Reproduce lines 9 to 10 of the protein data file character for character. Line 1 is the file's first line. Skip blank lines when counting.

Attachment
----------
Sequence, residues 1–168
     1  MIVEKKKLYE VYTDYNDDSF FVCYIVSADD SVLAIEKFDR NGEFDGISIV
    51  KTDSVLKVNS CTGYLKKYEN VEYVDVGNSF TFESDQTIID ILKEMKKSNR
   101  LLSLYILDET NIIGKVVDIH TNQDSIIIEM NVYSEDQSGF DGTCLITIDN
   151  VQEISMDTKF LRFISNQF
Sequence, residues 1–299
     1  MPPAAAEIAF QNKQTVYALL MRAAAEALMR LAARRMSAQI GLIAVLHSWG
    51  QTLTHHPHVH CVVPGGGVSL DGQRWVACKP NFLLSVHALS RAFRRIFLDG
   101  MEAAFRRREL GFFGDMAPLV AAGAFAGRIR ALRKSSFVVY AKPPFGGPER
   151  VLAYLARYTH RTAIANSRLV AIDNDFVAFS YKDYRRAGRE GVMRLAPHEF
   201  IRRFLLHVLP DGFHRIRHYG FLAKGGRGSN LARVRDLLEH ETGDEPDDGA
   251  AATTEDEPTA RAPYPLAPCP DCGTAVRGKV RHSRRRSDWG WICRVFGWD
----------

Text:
   101  MEAAFRRREL GFFGDMAPLV AAGAFAGRIR ALRKSSFVVY AKPPFGGPER
   151  VLAYLARYTH RTAIANSRLV AIDNDFVAFS YKDYRRAGRE GVMRLAPHEF